Gabby has also served in a global capacity as well. From 2015-2019, she was an intern with All We Are, an organization based out Raleigh, NC that raised over $10,000 to provide clean water for a health clinic in Uganda through educational outreach and fundraisers. Gabby also directed youth activities at various schools in Kampala, Uganda during her global volunteering experience there.
Gabby offered the following words of wisdom to her fellow graduates, “The goal of education is not to replicate information on an exam, but to immerse ourselves in diverse opportunities that enrich our lives. Each one of us has been asked by Carlow to consider not just what we want to do, but rather who we want to be.”
She added, “The more I discover, the more I understand the vastness of truth and the sheer amount of work there is to do. We have had the veil lifted from our eyes through the power of learning, and now we can see: the disparities within the healthcare system, the violation of women's autonomy, mass incarceration, violence against TLGBQ people, stolen indigenous land, environmental degradation and the constant threats to our functioning democracy. And now because we see, we have a responsibility to address these and all the unjust institutions and structures within society. The future is up to us. Let’s get started with compassion and understanding as these are key to our pursuit of a more just and merciful world.”
Lisa Oguike and Vijay Adipudi will address their fellow graduates from the stage during Carnegie Mellon University’s 124th Commencement, expressing gratitude for the skills they developed, connections they made, memories they treasure and challenges that helped them grow.
“As a class, we have overcome a lot together, and I am truly so proud of us,” said Oguike, who has earned a bachelor’s degree in international relations and politics with an additional major in science, technology and public policy.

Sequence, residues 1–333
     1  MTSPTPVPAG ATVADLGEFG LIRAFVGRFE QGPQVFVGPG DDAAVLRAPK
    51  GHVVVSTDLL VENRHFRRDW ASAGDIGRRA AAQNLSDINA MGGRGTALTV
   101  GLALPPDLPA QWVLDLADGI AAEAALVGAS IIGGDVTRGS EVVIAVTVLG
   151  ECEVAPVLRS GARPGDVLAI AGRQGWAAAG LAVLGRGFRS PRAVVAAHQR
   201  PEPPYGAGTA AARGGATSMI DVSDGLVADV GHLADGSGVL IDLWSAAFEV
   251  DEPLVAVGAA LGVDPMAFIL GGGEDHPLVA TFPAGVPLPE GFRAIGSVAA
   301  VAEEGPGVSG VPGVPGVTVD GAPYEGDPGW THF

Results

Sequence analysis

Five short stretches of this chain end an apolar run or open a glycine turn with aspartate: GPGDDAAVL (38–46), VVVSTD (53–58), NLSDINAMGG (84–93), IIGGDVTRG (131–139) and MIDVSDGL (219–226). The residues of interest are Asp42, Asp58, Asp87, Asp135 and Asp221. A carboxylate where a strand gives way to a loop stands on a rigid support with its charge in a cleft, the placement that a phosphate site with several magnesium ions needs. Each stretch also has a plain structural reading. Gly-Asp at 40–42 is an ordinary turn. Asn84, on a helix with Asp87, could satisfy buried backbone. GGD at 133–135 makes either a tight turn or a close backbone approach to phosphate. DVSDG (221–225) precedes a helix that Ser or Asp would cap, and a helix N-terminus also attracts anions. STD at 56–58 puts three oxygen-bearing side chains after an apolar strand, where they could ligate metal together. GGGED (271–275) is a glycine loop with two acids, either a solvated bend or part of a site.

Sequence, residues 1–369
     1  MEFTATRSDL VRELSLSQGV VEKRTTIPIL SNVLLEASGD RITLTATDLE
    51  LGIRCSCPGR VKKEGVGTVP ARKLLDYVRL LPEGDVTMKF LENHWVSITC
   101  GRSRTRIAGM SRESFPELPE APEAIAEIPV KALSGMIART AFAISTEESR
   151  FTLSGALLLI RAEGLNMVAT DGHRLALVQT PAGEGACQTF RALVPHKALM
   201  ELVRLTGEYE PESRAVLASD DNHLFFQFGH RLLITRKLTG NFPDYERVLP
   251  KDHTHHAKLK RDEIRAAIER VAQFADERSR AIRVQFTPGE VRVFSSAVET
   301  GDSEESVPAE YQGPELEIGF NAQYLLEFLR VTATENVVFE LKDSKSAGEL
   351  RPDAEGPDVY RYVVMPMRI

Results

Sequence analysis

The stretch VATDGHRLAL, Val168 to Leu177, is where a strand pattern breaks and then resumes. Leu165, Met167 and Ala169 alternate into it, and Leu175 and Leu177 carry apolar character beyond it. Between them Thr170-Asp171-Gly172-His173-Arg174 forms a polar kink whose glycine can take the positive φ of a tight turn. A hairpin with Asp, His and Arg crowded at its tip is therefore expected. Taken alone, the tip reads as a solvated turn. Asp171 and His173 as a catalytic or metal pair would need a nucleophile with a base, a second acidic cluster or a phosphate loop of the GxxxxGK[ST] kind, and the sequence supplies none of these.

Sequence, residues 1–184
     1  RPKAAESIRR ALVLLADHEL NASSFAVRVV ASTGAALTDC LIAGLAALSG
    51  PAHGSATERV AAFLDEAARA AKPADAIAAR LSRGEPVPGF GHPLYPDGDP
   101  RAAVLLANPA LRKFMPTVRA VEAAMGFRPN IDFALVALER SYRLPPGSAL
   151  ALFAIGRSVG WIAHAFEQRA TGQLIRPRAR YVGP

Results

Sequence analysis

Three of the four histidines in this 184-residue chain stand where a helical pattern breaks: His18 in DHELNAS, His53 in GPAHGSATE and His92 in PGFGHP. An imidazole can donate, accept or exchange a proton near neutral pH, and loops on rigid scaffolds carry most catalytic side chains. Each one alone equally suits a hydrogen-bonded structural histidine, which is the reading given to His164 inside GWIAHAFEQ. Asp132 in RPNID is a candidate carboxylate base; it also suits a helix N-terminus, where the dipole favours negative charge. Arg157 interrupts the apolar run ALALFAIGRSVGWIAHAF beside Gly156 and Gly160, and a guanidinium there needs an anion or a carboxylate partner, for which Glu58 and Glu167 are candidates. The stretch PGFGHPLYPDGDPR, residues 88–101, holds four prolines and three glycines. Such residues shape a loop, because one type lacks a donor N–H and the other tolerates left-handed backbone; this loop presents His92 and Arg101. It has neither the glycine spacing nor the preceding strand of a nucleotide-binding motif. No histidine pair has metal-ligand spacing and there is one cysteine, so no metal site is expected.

“Though our stories are not the same, I hope my speech will illuminate and validate the reality of what these years have been for us: difficult, painful, fun, chaotic and ultimately rewarding,” she said.
Oguike, a member of Alpha Kappa Alpha Sorority, is most grateful for the relationships she was able to establish at Carnegie Mellon.
“People made me feel like Pittsburgh was indeed becoming my home. They stepped up for me, showing me that I meant something to someone here,” Oguike said. “I will never forget that feeling, and I am forever grateful to Carnegie Mellon for giving me the opportunity to interact with some truly amazing people.”
Adipudi, who earned an MBA from the Tepper School of Business with a focus in finance, strategy and sustainability, also values the relationships he developed at Carnegie Mellon, noting his most positive experiences happened just hanging out with classmates in the common areas in between classes.
“I’ve learned so much in my time here and made many friends and lifelong connections at CMU. I know I’ll keep these connections well after graduation,” he said. “I’m also excited to start my career after CMU with the tools and skills I’ve acquired during my time here.”
Adipudi enrolled at Carnegie Mellon to develop a strong, quantitative and technological approach to business. As part of the Energy Business elective curriculum track, he worked with Honda to create a business model to help deliver 24/7 green hydrogen power to industrial electricity users. After graduation, he will join BlackRock as an associate within the Financial Institutions Group.
“If there is one thing I have learned here at CMU, it is that widespread democratization of sustainability is possible. The technology exists; it’s the people in the decision-making positions that need to be convinced. I hope to be able to use my voice to continue to promote green technology, and ultimately one day be in the position of decision-maker,” he said.
Adipudi represented the Tepper School Graduate Student Body as president of the Graduate Business Association (GBA), helping allocate budgeted funds toward professional, social and educational clubs. With GBA, he fostered community and inclusion through hosting class-wide events for full-time, part-time and Master of Science in Project Management (MSPM) students. As an alumnus, he will continue to be active in alumni relations and engagement with the university.
Oguike will pursue a master’s degree in international politics at SOAS University of London. Upon completion, she plans to return to the U.S. to work as a global public affairs associate for Google Inc., using her international relations and engineering and public policy degrees in diplomacy.
For two years, Oguike worked as a research associate under Kiron Skinner, the Taube Professor of International Relations and Politics in the Institute for Politics and Strategy. During her senior year, she worked as a Foreign Service intern for the Nigerian mission to the United States Agency for International Development (USAID).